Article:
I sat down to write about Child of Manhattan (1933) and wound up working on two different posts, neither about that particular movie. The star of that film, Nancy Carroll, had so captivated me that I needed to learn just a little more about her.
I had watched Child of Manhattan, a Columbia film, on Turner Classic Movies a few weeks ago. In it Carroll, Manhattan born herself as Ann Veronica Lahiff in 1903, plays Madelaine McGonagle, a down-to-earth dance hall girl. Madelaine plies her trade at Loveland, a club that’s just one little piece of Manhattan owned by Paul Vanderkill (John Boles), who is soon as enchanted by Carroll’s Madelaine as we are.
Working girl Madelaine is overcome by Paul’s attentions and seems perfectly content to be his mistress. When she becomes pregnant Paul shocks her by proposing marriage, but Madelaine becomes conflicted after losing the baby. Convinced that Paul had only married her for the sake of the child Madelaine bolts and this is when Nancy Carroll elevates her performance beyond charm and personality, sacrificing herself in a manner reminiscent of Stanwyck and pulling it off in just as convincing fashion.
When I sat down to dig in to Child of Manhattan I needed to know more about Nancy Carroll. And here we are.
Carroll’s career largely escapes notice today because the bulk of her work was done for Paramount, including 25 of her first 31 films. Those movies, now owned by Universal, are rarely shown on television or released to video. One exception that had made it to DVD is Hot Saturday (1932), which saw Nancy act as romantic interest to both Cary Grant and Randolph Scott. It's a great showcase for Nancy, even if most people are tuning in to see young Cary Grant. I’ll point you towards finding some of Nancy’s other movies at the end of this post.
Carroll began her theatrical career over objections from her parents alongside older sister Terry as a chorus girl in New York. Their uncle was colorful Broadway restaurateur Billy Lahiff, whose tavern became one of Nancy’s New York night spots. Nancy’s first part in a major Broadway show came for the Shuberts in their revue The Passing Show of 1923. She married playwright Jack Kirkland in 1924 and after the birth of their daughter, Patricia, the following year the Kirklands went west, arriving in Hollywood in 1926. Movie talent scouts took notice of Nancy playing Roxie Hart in Chicago at a Hollywood theater and Paramount soon signed her to play in their film adaptation of the Broadway mega-hit Abie’s Irish Rose (1928).
While the movie version of Abie’s Irish Rose couldn’t hope to live up to the then unprecedented six year run it had had on Broadway, Carroll stood out in the early song and dance scene added to the movie after initial filming. Paramount capitalized on the attention by starring her opposite Richard Dix in the comedy Easy Come, Easy Go (1928). That title was a hit, but even bigger was the 1928 version of The Shopworn Angel, which saw Nancy cast as a showgirl opposite Gary Cooper’s soldier. Once again Nancy was boosted by the talking and singing scenes added to this mostly silent feature.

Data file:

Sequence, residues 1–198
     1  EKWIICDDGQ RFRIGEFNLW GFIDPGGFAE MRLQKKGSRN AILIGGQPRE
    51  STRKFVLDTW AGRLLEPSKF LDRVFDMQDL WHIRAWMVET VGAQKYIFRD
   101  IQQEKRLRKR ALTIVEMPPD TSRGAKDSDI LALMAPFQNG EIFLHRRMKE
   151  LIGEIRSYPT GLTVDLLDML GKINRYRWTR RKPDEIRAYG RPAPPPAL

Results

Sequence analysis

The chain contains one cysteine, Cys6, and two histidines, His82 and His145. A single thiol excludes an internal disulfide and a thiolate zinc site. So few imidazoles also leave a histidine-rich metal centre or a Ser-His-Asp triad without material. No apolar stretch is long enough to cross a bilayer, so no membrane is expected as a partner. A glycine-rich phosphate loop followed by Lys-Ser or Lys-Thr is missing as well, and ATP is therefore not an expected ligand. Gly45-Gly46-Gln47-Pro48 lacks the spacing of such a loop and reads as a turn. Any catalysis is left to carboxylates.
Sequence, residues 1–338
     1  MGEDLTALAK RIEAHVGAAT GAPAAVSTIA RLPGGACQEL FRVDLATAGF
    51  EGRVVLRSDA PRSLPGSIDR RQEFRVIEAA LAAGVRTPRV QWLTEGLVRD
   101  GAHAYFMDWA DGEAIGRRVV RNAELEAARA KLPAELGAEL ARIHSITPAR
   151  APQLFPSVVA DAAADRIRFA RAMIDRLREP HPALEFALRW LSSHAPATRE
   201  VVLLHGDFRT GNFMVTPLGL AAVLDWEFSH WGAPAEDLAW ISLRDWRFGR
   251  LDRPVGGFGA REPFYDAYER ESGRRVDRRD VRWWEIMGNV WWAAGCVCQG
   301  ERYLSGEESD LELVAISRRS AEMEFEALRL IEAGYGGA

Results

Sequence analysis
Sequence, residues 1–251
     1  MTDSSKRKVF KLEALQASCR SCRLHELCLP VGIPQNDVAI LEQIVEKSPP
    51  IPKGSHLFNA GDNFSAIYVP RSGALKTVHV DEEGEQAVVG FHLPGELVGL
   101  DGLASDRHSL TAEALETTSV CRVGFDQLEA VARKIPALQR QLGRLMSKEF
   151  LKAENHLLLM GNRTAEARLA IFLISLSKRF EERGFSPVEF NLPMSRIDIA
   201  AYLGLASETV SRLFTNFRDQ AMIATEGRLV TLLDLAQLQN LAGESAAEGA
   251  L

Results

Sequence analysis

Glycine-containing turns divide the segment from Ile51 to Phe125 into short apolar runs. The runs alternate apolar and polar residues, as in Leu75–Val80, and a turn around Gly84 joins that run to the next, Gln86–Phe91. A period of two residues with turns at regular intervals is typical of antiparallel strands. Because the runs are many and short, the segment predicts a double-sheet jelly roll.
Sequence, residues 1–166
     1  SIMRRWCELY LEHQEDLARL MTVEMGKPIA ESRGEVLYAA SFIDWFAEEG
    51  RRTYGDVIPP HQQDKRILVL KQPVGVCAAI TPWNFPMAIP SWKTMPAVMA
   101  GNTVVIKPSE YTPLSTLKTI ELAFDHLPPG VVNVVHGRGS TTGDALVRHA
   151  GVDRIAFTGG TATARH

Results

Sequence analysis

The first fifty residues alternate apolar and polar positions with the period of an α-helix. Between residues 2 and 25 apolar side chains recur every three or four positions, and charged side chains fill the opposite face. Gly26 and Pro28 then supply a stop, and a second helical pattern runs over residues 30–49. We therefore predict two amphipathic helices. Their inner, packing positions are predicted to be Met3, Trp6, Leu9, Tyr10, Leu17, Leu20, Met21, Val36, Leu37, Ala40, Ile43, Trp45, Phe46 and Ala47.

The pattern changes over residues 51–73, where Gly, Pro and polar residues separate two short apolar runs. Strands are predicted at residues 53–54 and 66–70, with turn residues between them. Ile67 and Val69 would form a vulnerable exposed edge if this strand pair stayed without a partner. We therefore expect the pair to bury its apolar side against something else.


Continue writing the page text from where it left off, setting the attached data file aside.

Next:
She was re-teamed with Abie’s Irish Rose co-star Charles “Buddy” Rogers in the backstage musical drama Illusion (1929) and two popular musical comedies, Close Harmony (1929) and Follow Thru (1930). Nancy really lit up the screen in Follow Thru, which was filmed in blazing two-strip Technicolor. Here’s a screen capture from my copy:
In 1929 Carroll also played the part that put over the aforementioned Stanwyck on Broadway when she appeared in Paramount’s screen adaptation of Burlesque, which was retitled The Dance of Life but still featured Stanwyck's co-star from the stage, Hal Skelly, opposite Nancy. In this one Carroll played another down on her luck showgirl who spends the first half of the movie singing and dancing with Skelly and the second half more dramatically trying to overcome his alcoholism and the havoc it's wreaked upon their marriage.
She didn’t sing or dance in Edmund Goulding’s The Devil’s Holiday (1930), but was instead a mercenary manicurist who rides Phillips Holmes’ affections straight to the altar. While Holmes is permanently lovestruck the rest of his family sees Carroll for what she is and no one is surprised when she immediately accepts a cash settlement to bolt back to the city and never toy with golden boy Holmes again. A terrible accident befalls Holmes before Nancy departs and once back home, trying to live for kicks and spend her dough, she can’t get the kid out of her mind.
The Devil’s Holiday was Nancy’s most dramatic offering yet and earned her an Academy Award nomination that she supposedly came very close to winning.
In those earliest years of the thirties Nancy was a major hit with the public and critics alike. She was said to receive more fan mail than any other Hollywood star. She continued to score well in the musical comedy Honey (1930); as a showgirl married to Frank Morgan but having an affair with Fredric March in Laughter (1930); and re-teamed with Phillips Holmes in the hit Stolen Heaven (1931). Unfortunately Nancy’s reunion with Edmund Goulding didn’t go well in The Night Angel (1931) and her final pairing with Holmes, in Ernst Lubitch’s Broken Lullaby (1932), was a major flop at the time though is much better appreciated today.
Paramount decided against renewing Nancy's contract when it expired in 1933 and in May 1934 she signed a deal with Columbia, where she had previously worked in Child of Manhattan. She appeared in four movies for Columbia over the next couple of years, but even Nancy referred to those as "B" titles. In a 1935 Screen & Radio Weekly profile, Nancy acknowledged that her temperament may have damaged her Hollywood standing but seemed conflicted over the idea of being more cooperative: